Why did US policy towards Yugoslavia follow the obscure accountant Joseph DioGuardi, and not the generations of top US politicians and diplomats who made the entire 20th century truly American, and Yugoslavia a country in whose existence the US policy, diplomacy, security, and money were invested? Such a man, who was called an "accidental Congressman", managed to overcome the entire US "establishment", the policy of Hamilton Fish Armstrong and the Council on Foreign Relations, several US Presidents, William Donovan, the founder of the CIA and convince them that support for the Kosovo Albanians is more important than support Yugoslavia, that the Albanians in Kosovo were exploited even though the whole country provided them with funds for development or by having their own University, media, books, Academy, guaranteed rights and freedoms that did not exist even in their home country, Albania, and at the same time discredits all those who supported the unity of Yugoslavia, from Henry Kissinger to Richard Holbrooke?

DioGuardi carefully dosed all his performances fueling prejudices about "centralist", "conservative", and "pro-Russian Serbs". Pretending that he was only interested in "equal respect for human rights" and by no means in the "disintegration of Yugoslavia", DioGuardi eventually came to admit that he had been advocating for an independent Kosovo for 15 years and that without his advocacy there would be no independent Kosovo. DioGuardi will have the opportunity to present his motives and his platform many times to members of Congress and the Senate when he will talk about "Slavic hatred of Albanians" and "Slavic tyranny over Albanians", and not just about the Serbs as one of the Slavic peoples. He was joined in this by two other influential senators, Bob Dole and Tom Lantos.

Already in June 1986, Senator Robert Dole proposed a resolution condemning the SFRY for failing to "fully protect the rights of the Albanians" in accordance with the Helsinki Accords, and asking the Government of the SFRY to "ensure basic rights and the right to free expression of Albanians".

In explaining this initiative, Dole described that two million Albanians live within the borders of the SFRY and represent the third largest group within Yugoslavia, several hundred Albanians were killed in local violence and the Government's attempts to control them, there is evidence that several thousand were arrested because they "expressed their opinion peacefully, and that many of them were punished with "the most severe sentences of one to 15 years" and that "a large number of Albanians were denied full economic opportunities due to "alleged nationalist activities", and that Amnesty International published allegations of "abuse and murder of Albanians in exile by the Yugoslav secret police".

In his address to the Senate, Dole stated that a similar resolution had been proposed in Congress by Joseph DioGuardi and that the Albanians in Yugoslavia "who make up the third largest ethnic group" had very strong ties with the "growing Albanian community in the USA". Dole said that "under the pretext of a very exaggerated threat that the Albanians can represent to the unity of Yugoslavia, the Government in Belgrade arrested thousands of Albanians, and this year alone, a thousand, often because they did nothing but peacefully express their determination. The Helsinki Commission and other well-known, independent observers reported that more than half of the political prisoners in Yugoslavia were in fact Albanians.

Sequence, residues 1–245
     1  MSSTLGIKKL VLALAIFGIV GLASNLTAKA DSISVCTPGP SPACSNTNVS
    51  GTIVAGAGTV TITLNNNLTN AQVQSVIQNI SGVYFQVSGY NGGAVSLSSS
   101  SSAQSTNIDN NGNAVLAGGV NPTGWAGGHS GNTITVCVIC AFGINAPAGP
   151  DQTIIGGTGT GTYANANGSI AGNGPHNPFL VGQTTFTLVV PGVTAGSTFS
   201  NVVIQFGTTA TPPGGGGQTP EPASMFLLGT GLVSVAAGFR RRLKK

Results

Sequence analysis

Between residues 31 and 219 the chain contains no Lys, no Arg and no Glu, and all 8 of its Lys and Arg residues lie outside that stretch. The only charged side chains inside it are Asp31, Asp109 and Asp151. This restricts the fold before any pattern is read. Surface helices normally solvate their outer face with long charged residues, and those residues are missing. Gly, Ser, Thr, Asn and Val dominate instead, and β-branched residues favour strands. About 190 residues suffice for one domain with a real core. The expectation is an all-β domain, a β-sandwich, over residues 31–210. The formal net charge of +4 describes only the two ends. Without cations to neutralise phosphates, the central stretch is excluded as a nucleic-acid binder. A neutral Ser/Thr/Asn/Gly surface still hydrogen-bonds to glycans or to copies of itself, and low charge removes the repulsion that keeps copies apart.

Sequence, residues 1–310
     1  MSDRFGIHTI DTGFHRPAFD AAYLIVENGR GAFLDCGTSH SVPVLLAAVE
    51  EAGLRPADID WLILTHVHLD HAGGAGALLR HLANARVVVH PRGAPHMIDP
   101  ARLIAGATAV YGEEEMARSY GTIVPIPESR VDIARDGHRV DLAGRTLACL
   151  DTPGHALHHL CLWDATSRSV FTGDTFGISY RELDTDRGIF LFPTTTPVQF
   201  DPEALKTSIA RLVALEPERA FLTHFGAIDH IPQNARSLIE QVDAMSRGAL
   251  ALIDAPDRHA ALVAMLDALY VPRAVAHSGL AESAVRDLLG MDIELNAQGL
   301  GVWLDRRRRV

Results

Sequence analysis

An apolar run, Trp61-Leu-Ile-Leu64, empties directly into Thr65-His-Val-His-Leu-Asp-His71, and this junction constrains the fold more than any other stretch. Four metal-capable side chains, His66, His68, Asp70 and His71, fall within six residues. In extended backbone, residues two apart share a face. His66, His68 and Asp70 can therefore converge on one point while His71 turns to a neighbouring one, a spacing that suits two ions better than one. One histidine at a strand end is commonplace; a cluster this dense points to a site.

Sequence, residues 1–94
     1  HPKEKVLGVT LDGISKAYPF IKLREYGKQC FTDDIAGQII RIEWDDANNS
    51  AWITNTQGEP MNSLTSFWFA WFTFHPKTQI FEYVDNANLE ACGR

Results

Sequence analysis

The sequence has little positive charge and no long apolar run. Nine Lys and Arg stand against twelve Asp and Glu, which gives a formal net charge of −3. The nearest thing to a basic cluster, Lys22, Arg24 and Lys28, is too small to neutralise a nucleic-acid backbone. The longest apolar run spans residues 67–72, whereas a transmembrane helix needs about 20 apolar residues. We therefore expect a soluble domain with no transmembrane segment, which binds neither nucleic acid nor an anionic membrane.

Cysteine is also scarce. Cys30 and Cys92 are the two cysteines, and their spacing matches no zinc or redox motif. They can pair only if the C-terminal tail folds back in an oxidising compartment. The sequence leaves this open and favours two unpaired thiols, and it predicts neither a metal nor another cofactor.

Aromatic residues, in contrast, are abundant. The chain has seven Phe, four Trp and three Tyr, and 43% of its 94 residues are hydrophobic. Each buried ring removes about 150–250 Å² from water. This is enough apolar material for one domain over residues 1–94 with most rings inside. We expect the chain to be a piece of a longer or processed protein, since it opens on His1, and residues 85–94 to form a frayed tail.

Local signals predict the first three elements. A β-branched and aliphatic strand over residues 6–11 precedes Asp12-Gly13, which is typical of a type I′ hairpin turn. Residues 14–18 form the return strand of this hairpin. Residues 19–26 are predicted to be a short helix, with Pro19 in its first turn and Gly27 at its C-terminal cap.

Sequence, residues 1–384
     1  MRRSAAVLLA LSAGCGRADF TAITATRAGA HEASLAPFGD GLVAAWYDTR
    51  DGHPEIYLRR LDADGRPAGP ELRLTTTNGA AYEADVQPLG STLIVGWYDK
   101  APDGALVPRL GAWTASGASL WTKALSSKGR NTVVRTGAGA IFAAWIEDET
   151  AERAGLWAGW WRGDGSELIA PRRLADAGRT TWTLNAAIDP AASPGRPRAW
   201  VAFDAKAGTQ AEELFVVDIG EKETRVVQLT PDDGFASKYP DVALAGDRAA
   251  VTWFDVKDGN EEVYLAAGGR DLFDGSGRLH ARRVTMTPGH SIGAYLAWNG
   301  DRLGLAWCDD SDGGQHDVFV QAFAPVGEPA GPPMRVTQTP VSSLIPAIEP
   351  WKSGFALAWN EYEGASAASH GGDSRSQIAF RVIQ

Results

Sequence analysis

Senator Dole explained that, once they were arrested, they were faced with particularly harsh sentences of one to 15 years, and "the most common misdemeanor is holding public meetings where they called for the preservation of elements of Albanian culture", and that many Albanians had been fired, or they had been denied access to some jobs "because they expressed their Albanian origin in some way or showed elements of Albanian culture", and "in particular, many University Professors were fired for teaching subjects of Albanian history or culture".

The most troubling fact, Dole continued, was that "hundreds of Albanians have been killed in recent years in local protests and by the frequent use of violence by the authorities to suppress those protests. Those who died became martyrs among the Albanians, emphasized Dole, accepting that "in some cases, even those actions of the authorities were not unprovoked in all cases, there is strong evidence that the reactions of the authorities were exaggerated as a part of a campaign to remove any sign of Albanian ethnocentrism or every effort by the Albanians to develop a stronger political self-identification," Senator Robert Dole said. He then concluded, "Mr. President, as I mentioned, the Albanians are not the only ones that suffer, but it seems that they may be the group that suffers and endures the most."

DioGuardi wrote a letter regarding the proposed resolution to the President of the Subcommittee for Human Rights and International Organizations, Gus Yetron. He requested that a hearing be held in the Subcommittee regarding this resolution in order to correct the "major violations of human rights that are currently underway in Yugoslavia."

Since the Committee on Foreign Relations usually seeks the State Department's opinion on submitted resolutions, the Committee's chairman, Senator Dante Fascell, forwarded proposed Resolution 162 for consideration by the State Department, introduced on July 15 by Joseph DioGuardi, supported by 50 other congressmen.

Tomorrow: The State Department in the dock